# QlikView App Dev

Discussion Board for collaboration related to QlikView App Development.

Announcements
Action-Packed Learning Awaits! QlikWorld 2023. April 17 - 20 in Las Vegas: REGISTER NOW
cancel
Showing results for
Did you mean:
Not applicable

## Aggr function on avg

Hi,

I need average of  sales at 'geography' and 'level' and want to compare ID sales with that average. I have tried aggr function but it's giving null for some values. Please help.

Regards,

Navdeep

7 Replies
MVP

Hi Navdeep,

You either need to remove the ID as a dimension from the table, or add ID as a parameter to the AGGR function.

How you have it at the moment where Level and Geography have two IDs; the correct average is being put on one of the rows and the null value is being shown on the other.

Hope that helps.

Steve

avg(total <Geography,Level>Sales)

MVP

Thinking about it, whilst you have Level and Geography as dimensions, the aggr function is doing absolutely nothing, you can just do avg(Sales) to get the average.

Aggr functions are only useful if you intend to use the output as a dimension, or if you need to put another expression around it, for example:

sum(aggr(avg(Sales),Geography,Level))

This will give you the total of the averages by those dimensions.

Steve

Not applicable
Author

Hi Kush,

Seems perfect I have some set conditions also, how to include those in this expression and if possible please briefly explain the avg(total <Geography,Level>Sales) expression.

Thanks,

Navdeep

Not applicable
Author

Ok, yes I understand your point, m always little confused about the functionality of aggr(). 🙂

avg(total <Geography,Level>Sales) - It will return the avg of  Sales within selection of each Geography and level.

If you have set expression then please use the solution suggested by Steve.Because due to total qualifier Set expression will not give you accurate results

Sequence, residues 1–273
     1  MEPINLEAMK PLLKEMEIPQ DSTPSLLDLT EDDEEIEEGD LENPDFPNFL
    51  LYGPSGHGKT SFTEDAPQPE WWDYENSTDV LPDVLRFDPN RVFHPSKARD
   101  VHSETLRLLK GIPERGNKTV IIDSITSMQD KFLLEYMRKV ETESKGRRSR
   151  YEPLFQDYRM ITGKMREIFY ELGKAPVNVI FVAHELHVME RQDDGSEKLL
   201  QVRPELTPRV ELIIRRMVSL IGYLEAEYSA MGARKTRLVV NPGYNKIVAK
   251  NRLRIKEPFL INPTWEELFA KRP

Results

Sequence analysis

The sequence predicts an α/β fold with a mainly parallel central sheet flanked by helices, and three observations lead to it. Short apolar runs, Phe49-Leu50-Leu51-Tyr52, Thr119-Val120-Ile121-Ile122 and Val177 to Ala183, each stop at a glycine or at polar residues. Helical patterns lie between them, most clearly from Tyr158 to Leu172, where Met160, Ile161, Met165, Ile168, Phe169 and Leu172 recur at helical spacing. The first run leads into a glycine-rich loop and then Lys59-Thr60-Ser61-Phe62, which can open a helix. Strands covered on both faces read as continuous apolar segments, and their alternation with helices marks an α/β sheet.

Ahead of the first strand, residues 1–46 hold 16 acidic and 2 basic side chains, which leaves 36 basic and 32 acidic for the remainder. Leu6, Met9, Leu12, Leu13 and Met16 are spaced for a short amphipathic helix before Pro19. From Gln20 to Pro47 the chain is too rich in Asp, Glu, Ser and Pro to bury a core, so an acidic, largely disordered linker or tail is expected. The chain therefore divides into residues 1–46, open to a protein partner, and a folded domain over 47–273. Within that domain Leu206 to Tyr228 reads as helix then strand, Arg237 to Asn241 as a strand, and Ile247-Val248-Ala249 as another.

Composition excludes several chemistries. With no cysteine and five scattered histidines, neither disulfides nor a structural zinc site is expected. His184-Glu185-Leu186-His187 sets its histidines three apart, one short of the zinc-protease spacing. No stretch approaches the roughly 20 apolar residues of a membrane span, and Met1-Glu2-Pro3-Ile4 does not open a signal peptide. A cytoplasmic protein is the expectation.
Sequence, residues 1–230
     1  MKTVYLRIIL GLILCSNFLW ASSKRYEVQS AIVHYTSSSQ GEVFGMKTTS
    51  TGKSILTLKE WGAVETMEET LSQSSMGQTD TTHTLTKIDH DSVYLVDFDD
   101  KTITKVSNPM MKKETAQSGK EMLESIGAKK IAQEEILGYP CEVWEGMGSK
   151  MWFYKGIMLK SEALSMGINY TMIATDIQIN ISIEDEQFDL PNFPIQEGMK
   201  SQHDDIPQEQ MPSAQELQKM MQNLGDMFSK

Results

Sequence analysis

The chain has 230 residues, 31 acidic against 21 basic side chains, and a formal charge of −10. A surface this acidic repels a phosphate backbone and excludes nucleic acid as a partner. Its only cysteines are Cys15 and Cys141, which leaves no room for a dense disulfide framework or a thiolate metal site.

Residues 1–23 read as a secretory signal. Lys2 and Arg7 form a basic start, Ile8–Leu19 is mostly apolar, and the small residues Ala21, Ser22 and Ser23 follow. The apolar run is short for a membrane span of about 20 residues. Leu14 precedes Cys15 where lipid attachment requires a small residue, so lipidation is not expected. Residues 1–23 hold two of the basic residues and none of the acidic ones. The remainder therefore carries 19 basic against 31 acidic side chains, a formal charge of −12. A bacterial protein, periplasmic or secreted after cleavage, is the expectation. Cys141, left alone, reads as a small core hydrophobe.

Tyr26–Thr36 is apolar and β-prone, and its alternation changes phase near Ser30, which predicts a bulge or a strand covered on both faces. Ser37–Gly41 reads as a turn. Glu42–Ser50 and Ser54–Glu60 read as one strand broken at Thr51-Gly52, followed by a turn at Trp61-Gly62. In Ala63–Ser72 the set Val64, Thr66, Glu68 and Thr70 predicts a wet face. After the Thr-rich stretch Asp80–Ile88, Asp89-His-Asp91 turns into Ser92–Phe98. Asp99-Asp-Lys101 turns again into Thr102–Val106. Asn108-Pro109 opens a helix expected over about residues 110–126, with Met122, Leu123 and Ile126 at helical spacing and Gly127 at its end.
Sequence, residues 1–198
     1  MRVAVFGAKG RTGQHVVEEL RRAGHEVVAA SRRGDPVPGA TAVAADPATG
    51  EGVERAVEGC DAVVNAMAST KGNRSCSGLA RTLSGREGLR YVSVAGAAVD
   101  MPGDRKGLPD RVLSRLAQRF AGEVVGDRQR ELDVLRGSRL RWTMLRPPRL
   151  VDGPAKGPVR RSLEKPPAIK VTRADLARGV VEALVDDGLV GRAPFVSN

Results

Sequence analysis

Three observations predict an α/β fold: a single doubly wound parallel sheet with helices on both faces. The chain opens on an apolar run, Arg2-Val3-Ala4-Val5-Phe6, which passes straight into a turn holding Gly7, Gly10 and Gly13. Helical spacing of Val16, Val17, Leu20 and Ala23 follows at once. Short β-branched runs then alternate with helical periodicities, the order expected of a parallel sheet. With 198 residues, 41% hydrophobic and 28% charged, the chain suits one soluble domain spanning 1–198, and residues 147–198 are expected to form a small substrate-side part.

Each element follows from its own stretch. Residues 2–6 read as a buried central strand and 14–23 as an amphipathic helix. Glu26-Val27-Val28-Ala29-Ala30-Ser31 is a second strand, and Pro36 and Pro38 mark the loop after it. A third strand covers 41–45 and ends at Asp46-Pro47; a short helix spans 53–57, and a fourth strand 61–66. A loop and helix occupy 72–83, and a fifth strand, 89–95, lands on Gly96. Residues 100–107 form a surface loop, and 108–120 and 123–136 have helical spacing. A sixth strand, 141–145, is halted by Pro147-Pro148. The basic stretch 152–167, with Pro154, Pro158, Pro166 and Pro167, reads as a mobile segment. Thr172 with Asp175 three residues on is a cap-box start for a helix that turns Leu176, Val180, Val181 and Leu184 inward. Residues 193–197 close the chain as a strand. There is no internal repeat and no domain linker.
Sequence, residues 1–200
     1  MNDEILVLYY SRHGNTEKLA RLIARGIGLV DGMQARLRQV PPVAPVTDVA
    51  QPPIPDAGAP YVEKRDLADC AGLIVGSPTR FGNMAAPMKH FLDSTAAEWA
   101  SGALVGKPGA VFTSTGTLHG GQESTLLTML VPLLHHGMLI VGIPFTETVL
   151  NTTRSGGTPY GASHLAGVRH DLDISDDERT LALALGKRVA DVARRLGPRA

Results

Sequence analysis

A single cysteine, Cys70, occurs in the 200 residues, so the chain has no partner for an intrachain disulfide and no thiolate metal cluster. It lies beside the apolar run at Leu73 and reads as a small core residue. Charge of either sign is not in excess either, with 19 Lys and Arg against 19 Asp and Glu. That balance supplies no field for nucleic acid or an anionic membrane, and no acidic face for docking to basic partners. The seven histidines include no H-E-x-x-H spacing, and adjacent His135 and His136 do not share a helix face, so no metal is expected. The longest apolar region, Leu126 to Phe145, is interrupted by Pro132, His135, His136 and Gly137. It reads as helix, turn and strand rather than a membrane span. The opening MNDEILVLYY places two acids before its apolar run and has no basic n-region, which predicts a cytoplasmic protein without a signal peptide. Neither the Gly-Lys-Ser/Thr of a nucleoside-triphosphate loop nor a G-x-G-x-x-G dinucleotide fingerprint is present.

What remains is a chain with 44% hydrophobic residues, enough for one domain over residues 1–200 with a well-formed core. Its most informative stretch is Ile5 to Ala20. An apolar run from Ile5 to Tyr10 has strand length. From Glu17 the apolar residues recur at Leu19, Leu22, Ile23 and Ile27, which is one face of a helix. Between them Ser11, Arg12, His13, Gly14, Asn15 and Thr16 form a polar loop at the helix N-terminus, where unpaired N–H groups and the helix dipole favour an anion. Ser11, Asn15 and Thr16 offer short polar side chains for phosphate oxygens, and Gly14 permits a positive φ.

MVP

The way to think of AGGR is allowing you to create a temporary table and then do further calculations over it.  So, say you wanted the sum of values for field A and B in a table, but as the total you wanted to show the Average of all those rows; you would simply create a table with A and B as dimensions, have your expression as sum(Value) and then change the Total Mode to average.  All very simple and no AGGR statements involved.

Now, if you wanted to show the average value in a text box or in the caption of a chart, you would not have a table with all the rows in - so you would need to create a virtual table to work over.  The expression avg(aggr(sum(Value), A, B)) will do this for you.  Essentially, the table you have in the first example is made in memory, for the average function to work over.

That is the basic premise of AGGR, but it can be used in other scenarios also.  One that I use quite frequently is when calculating exceptions and having them emailed out by a QlikView alert.  So, perhaps where a Customer has gone over their credit limit.  I use an AGGR on the CustomerID with an IF statement in, returning Customer Name for those over the limit and NULL for those under.  Around the AGGR I put a Concat DISTINCT statement, that then turns this into a list of items.

Hope that clears it up for you?

Steve

Community Browser